Firearm Storage and Adult Alcohol Misuse Among Washington State Households With Children | Firearms | JAMA Pediatrics | JAMA Network
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Table 1.  Child and Household Characteristics by Firearm Ownership and Storage Practices in Households With Children in Washington State, 2013 and 2016
Child and Household Characteristics by Firearm Ownership and Storage Practices in Households With Children in Washington State, 2013 and 2016
Table 2.  Prevalence of Any Unsafely Stored Household Firearm by Reported Alcohol Misuse of Adult in the Home and Selected Characteristics Among Children Residing in Firearm-Owning Households in Washington State, 2013 and 2016
Prevalence of Any Unsafely Stored Household Firearm by Reported Alcohol Misuse of Adult in the Home and Selected Characteristics Among Children Residing in Firearm-Owning Households in Washington State, 2013 and 2016
Table 3.  Child Exposure to Adult Alcohol Misuse and Unsafe Storage Practices in Firearm-Owning Households in Washington, 2013 and 2016
Child Exposure to Adult Alcohol Misuse and Unsafe Storage Practices in Firearm-Owning Households in Washington, 2013 and 2016
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Original Investigation
January 2019

Firearm Storage and Adult Alcohol Misuse Among Washington State Households With Children

Author Affiliations
  • 1Department of Epidemiology, School of Public Health, University of Washington, Seattle
  • 2Harborview Injury Prevention and Research Center, University of Washington, Seattle
  • 3Injury and Violence Prevention Unit, Public Health–Seattle & King County, Seattle, Washington
  • 4Department of Pediatrics, School of Medicine, University of Washington, Seattle
JAMA Pediatr. 2019;173(1):37-43. doi:10.1001/jamapediatrics.2018.3624
Key Points

Questions  What proportion of children in Washington State live in firearm-owning households, and what is the association between unsafe firearm storage and exposure to adult alcohol misuse?

Findings  In this cross-sectional analysis of survey data from 5241 respondents to Behavioral Risk Factor Surveillance System surveys, it was found that 30% of children in Washington State lived in firearm-owning households, an estimated 55% of whom lived with an unsafely stored firearm. Firearms were 20% more likely to be stored unsafely in homes with an adult who misused alcohol.

Meaning  Many children in Washington live in firearm-owning households; those who live with an adult who reports alcohol misuse may also be more likely to be exposed to unsafely stored firearms.

Abstract

Importance  Firearm injuries and fatalities among children are an important public health problem. Children living with an adult misusing alcohol may be at a heightened risk for self-harm or unintentional injury, highlighting the need to investigate the association between household firearm storage and adult alcohol misuse.

Objectives  To characterize household firearm presence among children by various sociodemographic characteristics, and to assess the association between children living in a home with an unsafely stored firearm and an adult reporting alcohol misuse.

Design, Setting, and Participants  This cross-sectional investigation uses data from the 2013 and 2016 Behavioral Risk Factor Surveillance System in the state of Washington, a program that administers a telephone survey statewide to randomly selected noninstitutionalized adults at least 18 years of age about their health-related risk behaviors, chronic health conditions, and use of preventive services. The 2013 and 2016 data included 5241 responses to the firearm ownership and storage module and the Random Child Selection module (intended for a randomly selected child younger than age 18 years and reported by an adult living in the same household). Data for this study were collected from January 1 through December 31, 2013, and January 1 through December 31, 2016. Data were analyzed from March through May 2018.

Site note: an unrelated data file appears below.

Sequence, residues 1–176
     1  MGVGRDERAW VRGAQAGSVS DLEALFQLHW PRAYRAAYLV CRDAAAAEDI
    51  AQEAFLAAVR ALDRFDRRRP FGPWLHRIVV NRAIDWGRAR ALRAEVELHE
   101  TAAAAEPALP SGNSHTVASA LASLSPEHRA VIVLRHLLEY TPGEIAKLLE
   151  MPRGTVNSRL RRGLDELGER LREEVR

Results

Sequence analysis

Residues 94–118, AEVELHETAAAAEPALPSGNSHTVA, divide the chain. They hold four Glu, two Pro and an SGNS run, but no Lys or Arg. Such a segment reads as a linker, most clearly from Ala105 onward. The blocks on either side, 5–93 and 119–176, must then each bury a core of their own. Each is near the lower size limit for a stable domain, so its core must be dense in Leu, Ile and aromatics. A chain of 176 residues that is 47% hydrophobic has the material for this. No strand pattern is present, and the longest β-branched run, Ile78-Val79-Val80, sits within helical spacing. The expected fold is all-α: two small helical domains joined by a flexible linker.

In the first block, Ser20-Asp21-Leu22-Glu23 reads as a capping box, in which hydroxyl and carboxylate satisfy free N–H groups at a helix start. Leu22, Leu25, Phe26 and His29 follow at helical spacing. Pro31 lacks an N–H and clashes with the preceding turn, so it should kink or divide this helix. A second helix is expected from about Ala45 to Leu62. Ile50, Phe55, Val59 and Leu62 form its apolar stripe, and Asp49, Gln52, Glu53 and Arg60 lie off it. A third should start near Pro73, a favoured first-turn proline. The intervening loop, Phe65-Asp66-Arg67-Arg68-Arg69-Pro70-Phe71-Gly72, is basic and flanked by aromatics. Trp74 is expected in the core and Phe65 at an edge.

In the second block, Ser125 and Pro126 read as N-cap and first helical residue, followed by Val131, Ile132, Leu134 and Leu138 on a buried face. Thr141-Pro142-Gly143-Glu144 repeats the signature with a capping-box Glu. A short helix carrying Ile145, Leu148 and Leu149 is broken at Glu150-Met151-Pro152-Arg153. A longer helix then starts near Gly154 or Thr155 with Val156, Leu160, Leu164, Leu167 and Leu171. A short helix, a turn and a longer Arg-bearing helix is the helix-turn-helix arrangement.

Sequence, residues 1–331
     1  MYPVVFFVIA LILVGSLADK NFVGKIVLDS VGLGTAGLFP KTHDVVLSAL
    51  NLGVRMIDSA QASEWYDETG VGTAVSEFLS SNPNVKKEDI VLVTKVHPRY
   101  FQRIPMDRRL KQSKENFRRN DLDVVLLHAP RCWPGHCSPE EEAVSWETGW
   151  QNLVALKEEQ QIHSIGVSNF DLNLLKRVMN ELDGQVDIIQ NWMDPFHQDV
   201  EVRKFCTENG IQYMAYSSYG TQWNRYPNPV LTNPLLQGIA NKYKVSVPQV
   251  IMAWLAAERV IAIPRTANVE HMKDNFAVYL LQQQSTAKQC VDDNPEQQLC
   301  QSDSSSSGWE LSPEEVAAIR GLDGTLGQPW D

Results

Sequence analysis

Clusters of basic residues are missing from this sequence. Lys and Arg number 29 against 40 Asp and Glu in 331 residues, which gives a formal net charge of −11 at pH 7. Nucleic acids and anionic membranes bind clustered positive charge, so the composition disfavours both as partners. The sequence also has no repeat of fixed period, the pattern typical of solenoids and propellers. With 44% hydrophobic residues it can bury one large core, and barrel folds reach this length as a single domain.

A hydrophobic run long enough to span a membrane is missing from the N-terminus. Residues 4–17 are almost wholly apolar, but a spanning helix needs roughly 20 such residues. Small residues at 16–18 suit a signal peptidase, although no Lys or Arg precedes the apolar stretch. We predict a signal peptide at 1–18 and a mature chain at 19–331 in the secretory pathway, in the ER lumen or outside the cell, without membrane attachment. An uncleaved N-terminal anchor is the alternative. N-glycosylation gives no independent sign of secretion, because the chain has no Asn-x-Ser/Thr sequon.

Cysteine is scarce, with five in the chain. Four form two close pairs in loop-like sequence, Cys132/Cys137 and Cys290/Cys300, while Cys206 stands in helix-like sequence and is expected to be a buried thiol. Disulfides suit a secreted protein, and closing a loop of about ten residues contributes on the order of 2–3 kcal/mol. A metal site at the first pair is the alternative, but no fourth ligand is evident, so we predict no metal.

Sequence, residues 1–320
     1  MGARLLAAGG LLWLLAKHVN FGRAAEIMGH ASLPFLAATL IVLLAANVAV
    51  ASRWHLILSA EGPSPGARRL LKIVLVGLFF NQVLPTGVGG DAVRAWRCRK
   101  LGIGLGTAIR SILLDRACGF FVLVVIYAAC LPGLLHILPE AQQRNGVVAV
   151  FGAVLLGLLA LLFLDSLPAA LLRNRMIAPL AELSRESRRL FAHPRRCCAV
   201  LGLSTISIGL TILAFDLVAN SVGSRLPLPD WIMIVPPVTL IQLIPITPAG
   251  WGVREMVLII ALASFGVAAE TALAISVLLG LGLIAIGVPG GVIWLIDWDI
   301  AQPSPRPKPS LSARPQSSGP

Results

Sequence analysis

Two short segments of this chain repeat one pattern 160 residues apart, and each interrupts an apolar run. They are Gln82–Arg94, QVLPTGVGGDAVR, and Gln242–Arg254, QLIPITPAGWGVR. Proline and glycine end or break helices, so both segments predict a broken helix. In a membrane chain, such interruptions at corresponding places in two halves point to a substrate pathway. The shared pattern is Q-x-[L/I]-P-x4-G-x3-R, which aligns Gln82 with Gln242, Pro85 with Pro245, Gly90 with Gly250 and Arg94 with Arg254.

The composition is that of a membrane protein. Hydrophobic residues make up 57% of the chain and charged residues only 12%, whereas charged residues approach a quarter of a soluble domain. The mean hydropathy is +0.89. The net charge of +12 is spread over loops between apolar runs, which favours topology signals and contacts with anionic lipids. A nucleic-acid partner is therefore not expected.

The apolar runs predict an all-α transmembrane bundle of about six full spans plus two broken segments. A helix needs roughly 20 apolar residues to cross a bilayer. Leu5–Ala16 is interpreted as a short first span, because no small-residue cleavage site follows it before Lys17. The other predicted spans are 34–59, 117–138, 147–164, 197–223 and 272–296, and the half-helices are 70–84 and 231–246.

Main Outcomes and Measures  The primary outcomes were a child’s residence in a firearm-owning home, the manner in which household firearms were stored, and the adult respondent’s alcohol consumption.

Results  Among the 3443 children living in a non–firearm-owning household, 50.7% were male (all values given as a percentage only are weighted); among those reporting specific age, the weighted mean age was 9.3 years (unweighted mean [SD], 10.1 [5.2] years). In the 1756 children living in a firearm-owning household, 52.5% were male; among those reporting specific age, the weighted mean age was 9.1 years (unweighted mean [SD], 9.8 [5.4] years). An estimated 470 000 children (29.4%; 95% CI, 27.3%-31.7%) in the state resided in a firearm-owning household. Among them, 258 000 children (54.6%; 95% CI, 51.5%-57.6%) lived with at least 1 firearm that was not stored safely (ie, not locked and unloaded). Firearms were more likely to be stored unsafely in homes in which an adult reported alcohol misuse (prevalence ratio: 1.20; 95% CI, 1.07-1.35).

Conclusions and Relevance  Children living in a household with an adult who misuses alcohol may be more likely to live with an unsafely stored firearm, which is concerning given the association between adult alcohol misuse and children’s risk for sustaining injury.

Introduction

In 2016 in the United States, 9350 firearm injuries occurred among youth younger than 18 years of age, and 18% of these injuries were fatal.1 Approximately 45% of these deaths were unintentional or self-inflicted. In an estimated 85% of youth firearm suicides and unintentional injuries, the firearm used originated from the home of the decedent, a friend, or a relative.2,3